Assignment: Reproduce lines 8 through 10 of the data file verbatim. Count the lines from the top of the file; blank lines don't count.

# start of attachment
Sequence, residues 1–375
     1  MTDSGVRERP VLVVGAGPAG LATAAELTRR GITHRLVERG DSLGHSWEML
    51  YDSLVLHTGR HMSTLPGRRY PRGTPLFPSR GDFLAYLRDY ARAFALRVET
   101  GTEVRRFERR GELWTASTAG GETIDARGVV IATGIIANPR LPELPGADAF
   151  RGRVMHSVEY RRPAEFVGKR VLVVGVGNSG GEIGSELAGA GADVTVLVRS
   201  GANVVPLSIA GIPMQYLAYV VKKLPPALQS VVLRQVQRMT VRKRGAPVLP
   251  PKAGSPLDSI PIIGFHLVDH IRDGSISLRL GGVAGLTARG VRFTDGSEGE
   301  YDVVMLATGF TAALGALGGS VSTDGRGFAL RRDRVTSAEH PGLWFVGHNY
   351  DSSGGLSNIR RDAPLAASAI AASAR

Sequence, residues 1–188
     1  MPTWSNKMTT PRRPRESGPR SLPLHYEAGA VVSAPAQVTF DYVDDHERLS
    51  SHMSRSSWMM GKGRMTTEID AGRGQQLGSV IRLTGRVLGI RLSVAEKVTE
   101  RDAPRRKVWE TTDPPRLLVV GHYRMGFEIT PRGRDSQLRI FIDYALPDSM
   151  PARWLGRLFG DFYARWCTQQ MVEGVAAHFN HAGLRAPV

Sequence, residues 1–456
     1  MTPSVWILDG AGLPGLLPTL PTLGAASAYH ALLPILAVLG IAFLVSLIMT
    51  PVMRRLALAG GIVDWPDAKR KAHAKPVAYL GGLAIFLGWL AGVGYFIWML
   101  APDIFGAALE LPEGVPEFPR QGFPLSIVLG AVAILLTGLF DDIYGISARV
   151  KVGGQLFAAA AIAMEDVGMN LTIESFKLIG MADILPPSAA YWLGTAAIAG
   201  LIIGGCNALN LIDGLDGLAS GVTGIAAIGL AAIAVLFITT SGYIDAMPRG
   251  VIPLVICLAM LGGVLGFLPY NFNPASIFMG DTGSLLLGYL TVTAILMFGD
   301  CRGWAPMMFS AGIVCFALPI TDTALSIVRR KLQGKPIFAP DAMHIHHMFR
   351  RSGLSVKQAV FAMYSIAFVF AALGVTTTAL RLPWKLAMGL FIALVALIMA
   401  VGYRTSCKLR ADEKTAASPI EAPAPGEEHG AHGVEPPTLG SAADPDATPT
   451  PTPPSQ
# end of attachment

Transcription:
   301  YDVVMLATGF TAALGALGGS VSTDGRGFAL RRDRVTSAEH PGLWFVGHNY
   351  DSSGGLSNIR RDAPLAASAI AASAR

Sequence, residues 1–188